Thursday, May 16, 2013

Grinder's Guide: Paratext: Titles

Paratext is something I’ve always been interested in and something often overlooked. Believe it or not, the paratext can be as important as the story.

Paratext is everything around the story that’s not the story itself: titles, epigraphs, dramatis personae, glossary, appendices, review copy, back cover copy, and even maps/interior illustrations can be considered paratext. Today, however, we’ll only be talking about titles.

Let’s get one thing straight: titles are important. Don’t let anyone fool you otherwise, whether it your significant other, an English professor, or that snobby guy at the bookstore, saying “it’s what’s on the inside that counts,” because judging a book by its cover is just fine, and judging a cover by its title even more so. Titles set the mood, can draw a potential reader in, lend a bit of intrigue. Titles can be the set-up for a story-long joke, or the final piece of the puzzle, oft overlooked. Titles can be short, such as Frank Herbert’s “Dune,” or long like “Her Scientification, Far Future, Medieval Fantasy” by Jason Sanford. Titles can be simple (Ray Bradbury’s “The Rocket”) or complex (Gene Wolfe’s “Storeys from the Old Hotel”). The sheer variety of titles is truly astounding (which beggars the question on why there are so many repeat titles, but that’s another discussion).

Titles serve many functions. At their simplest, titles inform you of the content of the story (see most Ray Bradbury short stories and the A Song of Ice and Fire series). Often they are short, a couple words at the most. When done well, they reflect on the content as well as referencing it (Felix Gilman’s “The Half Made World” does this marvelously). Sometimes they can serve a counterpoint, making you rethink the true meaning of the story (“Pocketsful of Diamond” by Gene Wolfe). At times, however, it seems as if an author is making a statement by using a short title. One word titles often are too self-important, especially if they use a common word (double points if it’s an emotion). Fury, Rapture, Passion, all are one word titles used by many people over time that are just a bit too self-important. In my opinion though, the ultimate disuse of the simple, content-driven title is the list title (“Orb, Sceptre, Throne” by Ian Esslemont). List titles, by themselves, appear lazy. They tell you exactly what you will find between the pages without making any effort to be unique, intriguing, or original. Of course, as soon as an absolute is laid down, counter-examples are given, so let me head you off by mentioning not only one of my favorite titles, but one of my favorite stories period: “Sinner, Baker, Fabulist, Priest; Red Mask, Black Mask, Gentleman, Beast” by Eugie Foster. The reason this list works where most fail is in its lyricism and reflection on the fractured personality of the narrator and world in which she inhabits.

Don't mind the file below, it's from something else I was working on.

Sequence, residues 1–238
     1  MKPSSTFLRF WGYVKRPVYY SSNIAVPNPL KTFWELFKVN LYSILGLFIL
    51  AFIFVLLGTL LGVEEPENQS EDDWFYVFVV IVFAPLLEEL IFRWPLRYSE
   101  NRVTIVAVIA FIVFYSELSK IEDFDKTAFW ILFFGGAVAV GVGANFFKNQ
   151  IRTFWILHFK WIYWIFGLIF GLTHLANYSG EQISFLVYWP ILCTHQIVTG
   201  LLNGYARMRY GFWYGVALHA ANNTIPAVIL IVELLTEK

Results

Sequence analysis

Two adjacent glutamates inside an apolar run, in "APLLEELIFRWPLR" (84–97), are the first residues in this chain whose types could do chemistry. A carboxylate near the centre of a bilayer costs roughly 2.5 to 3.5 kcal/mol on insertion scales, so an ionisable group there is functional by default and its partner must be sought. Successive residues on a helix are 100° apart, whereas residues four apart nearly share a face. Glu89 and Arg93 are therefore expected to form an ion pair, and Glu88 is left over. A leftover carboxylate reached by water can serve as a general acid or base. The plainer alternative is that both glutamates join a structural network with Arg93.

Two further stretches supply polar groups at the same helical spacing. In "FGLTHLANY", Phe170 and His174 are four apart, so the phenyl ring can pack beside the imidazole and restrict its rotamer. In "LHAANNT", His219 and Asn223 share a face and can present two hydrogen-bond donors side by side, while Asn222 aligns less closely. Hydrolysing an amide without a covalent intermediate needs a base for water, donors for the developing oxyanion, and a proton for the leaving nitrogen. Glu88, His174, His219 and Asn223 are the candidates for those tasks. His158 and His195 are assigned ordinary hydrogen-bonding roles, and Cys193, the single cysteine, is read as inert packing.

On the opposite end of the spectrum, you have complex titles. Complex titles can be long, as in Douglas Adams’s “The Long Dark Tea-Time of the Soul,” or near impenetrable as to their meaning (I’m looking at you Jay Lake). Long titles, however, are showy by nature. Whenever you cross the five word threshold, you’re bringing attention to the title, so it better be damned good and there’d better be a damn good reason for it. Jason Sanford and Cat Valente are two masters of the long title, although even they are not perfect. I do not care at all for “Her Scientification, Far Future, Medieval Fantasy,” nor am I particularly enthused by Valente’s “The Radiant Car Thy Sparrows Drew,” regardless of how brilliant both stories are (extra kudos goes to Valente for the novel based on Sparrow being picked up by Tor). If a long title is going to be used, let it not be used simply as a joke or a content-trigger. As giggly as David Wong’s titles make me, “John Dies at the End” and “This Book is Filled with Spiders,” are towards the more meh end of the titling spectrum. One thing longer titles can do more effectively than shorter titles is bring you in with intrigue. “The City of Saints and Madmen” by Jeff Vandermeer is one the greatest titles ever conceived in my opinion. You have a strange juxtaposition of intriguing factors. If you drop either “Saints” or “Madmen,” the title is still quite good. Combining them is a genius of the highest order.

This post is more of an introduction to the notion of paratext. It’s meant to get you comfortable with the idea. I have much more to say about titling, getting down to levels that look over linguistic devices and syllabic construction, but that’s another post.

For now, why don’t you tell me some of your favorite titles? In a future post, I will laud praise on you for your discerning eye, or kick dirt in your face while I dance on your grave.


  1. A variety of the titles that have caught my eye over the years based on the title alone:

    The Zap Gun, Philip K Dick
    Miserere, Teresa Frohock
    The Quantum Thief, Hannu Rajaniemi
    A Galaxy Called Rome, Barry Malzberg
    Anno Dracula, Kim Newman
    Tea with the Black Dragon, R.A. MacAvoy

  2. Also:

    Midnight in the Garden of Good and Evil by John Berendt
    The Dream of Perpetual Motion by Dexter Palmer
    Alphabet of Thorn by Patricia McKillip
    NOS4A2 by Joe Hill
    You Will Know Our Velocity by David Eggars
    This is How You Lose Her by Junot Diaz